According to the most recent data available, there were 3,700 cases of sudden unexplained infant death in the United States in 2015. The CDC divides these cases into three categories: Sudden infant death syndrome (SIDS), unknown causes, and accidental suffocation or strangulation cases. Deaths from SIDS accounted for 43 percent of the 3,700 cases of unexplained infant death throughout the U.S. in 2015. Looking at the trends in SIDS deaths from 2007-2014, this map of SIDS cases across the U.S. shows where rates are the highest — but it's important to understand how that data is collected and analyzed.
Sudden Infant Death Syndrome, called SIDS, is the leading cause of death for babies under the age of 1 year, according to the National Institutes of Health. The majority of cases occur before a baby is 6 months old, and they tend to be more frequently reported in boys. In 2015, about 1,500 babies died of SIDS in the U.S., and that number has been steadily trending down over the last several decades — in large part due to education campaigns by the CDC and others. While the CDC is tracking unexplained infant deaths on a large scale, the breakdown for each individual state is limited due to confidentiality laws. SIDS and other cases of sudden infant death are formally investigated to rule out causes such a homicide. Even if the case is ruled a SIDS death, parents are often anguished and many fear that they will be blamed. SIDS is not the result of neglect; in fact, exactly why it happens is not known. But this is rarely reassuring to parents. Because of these factors, data from states that have fewer than 10 cases per year is suppressed to protect the identity of the families.
That being said, the CDC does track and report SIDS cases throughout the U.S. in relation to the number of births for each state. The resulting data shows the ratio of those sudden, otherwise unexplained infant deaths to the total number of births in that state each year. As previously mentioned, data from states that reported fewer than 10 SIDS deaths is suppressed to protect the identity of the families, but it should also be noted that data from states reporting fewer than 20 deaths is considered "unreliable" by standards of precision.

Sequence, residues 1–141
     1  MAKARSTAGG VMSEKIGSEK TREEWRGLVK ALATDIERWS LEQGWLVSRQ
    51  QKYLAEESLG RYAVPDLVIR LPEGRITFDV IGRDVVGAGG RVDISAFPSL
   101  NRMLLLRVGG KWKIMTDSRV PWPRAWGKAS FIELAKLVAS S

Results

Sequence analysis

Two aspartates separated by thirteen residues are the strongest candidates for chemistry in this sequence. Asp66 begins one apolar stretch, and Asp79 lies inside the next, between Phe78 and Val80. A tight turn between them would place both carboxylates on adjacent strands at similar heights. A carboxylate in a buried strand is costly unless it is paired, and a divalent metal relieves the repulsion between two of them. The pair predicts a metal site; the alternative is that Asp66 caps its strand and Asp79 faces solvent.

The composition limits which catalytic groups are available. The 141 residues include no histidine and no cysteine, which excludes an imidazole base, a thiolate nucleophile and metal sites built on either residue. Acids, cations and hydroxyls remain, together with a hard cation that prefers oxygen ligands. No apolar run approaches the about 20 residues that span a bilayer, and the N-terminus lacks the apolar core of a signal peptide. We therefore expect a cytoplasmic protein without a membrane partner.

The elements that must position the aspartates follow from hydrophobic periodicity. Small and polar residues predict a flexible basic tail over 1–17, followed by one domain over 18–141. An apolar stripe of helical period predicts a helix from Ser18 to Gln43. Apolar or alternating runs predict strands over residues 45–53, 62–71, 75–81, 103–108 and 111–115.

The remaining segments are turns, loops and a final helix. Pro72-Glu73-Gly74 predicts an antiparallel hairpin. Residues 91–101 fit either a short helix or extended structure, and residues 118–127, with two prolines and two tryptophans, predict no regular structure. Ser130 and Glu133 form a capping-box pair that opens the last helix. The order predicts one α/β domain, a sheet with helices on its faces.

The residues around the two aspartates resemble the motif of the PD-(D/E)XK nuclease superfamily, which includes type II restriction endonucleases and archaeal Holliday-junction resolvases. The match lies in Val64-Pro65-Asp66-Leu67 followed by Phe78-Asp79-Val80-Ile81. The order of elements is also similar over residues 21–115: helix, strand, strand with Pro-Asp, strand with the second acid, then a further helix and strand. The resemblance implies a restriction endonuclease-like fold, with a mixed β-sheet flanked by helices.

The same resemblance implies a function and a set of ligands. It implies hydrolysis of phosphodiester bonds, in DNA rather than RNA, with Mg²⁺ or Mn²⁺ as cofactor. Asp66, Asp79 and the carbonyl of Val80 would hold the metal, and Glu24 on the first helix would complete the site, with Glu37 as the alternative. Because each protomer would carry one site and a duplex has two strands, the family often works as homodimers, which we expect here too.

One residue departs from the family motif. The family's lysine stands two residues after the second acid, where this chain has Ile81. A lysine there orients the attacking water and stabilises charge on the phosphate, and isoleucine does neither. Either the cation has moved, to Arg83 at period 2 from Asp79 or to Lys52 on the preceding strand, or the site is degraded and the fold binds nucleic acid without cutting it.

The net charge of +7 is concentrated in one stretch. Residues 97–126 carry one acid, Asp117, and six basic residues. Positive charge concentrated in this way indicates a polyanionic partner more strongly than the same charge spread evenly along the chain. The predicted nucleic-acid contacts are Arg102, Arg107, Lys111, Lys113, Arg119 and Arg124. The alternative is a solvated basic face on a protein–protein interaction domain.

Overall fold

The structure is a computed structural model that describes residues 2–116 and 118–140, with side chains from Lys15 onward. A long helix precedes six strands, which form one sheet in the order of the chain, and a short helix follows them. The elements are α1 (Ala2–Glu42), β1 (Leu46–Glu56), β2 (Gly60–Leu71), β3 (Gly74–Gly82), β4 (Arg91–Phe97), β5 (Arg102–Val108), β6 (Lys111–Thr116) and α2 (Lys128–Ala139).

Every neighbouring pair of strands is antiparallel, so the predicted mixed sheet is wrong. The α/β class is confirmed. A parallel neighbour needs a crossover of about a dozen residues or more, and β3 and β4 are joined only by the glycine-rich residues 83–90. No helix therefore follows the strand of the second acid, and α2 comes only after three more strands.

Given these and other variables that determine how data is reported, how the CDC organizes and analyzes it, and how it's ultimately presented, it can be difficult to asses whether there are states where SIDS is more likely to occur. In bigger states, the higher numbers or ratios may be reflections of their larger populations, not that there are necessarily more cases. Looking at the numbers in each state, however, considering other socioeconomic issues as a possible influence on the rates of SIDS deaths is important, too. Access to and the quality of healthcare for women and children in each state, for example, would put the CDC's data into context. The CDC has collected demographic data from SIDS cases and found that across the U.S., SIDS rates are highest amongst American Indian, Alaska Native, and non-Hispanic Black populations — more than twice the rates in non-Hispanic White populations.
While there's a lot that the data has yet to reveal about SIDS, one thing that's true no matter where infants live is that the possibility of SIDS continues to be terrifying for parents.
Despite the fact that it doesn't happen very often, parents still fear SIDS because it often appears to strike otherwise healthy babies seemingly out of nowhere. Over the years, research has linked certain environmental factors like sleeping position to an increased incidence of SIDS, according to NPR. But even with educational campaigns that increase awareness of safe sleeping practices, SIDS deaths still happen. That's why the CDC continues to track the cases, in hopes of developing a better understanding of why they happen, and what might be able to be done to prevent them. There are many organizations nationwide devoted to educating parents and caregivers about SIDS/SUID, and the CDC has many resources available on their website.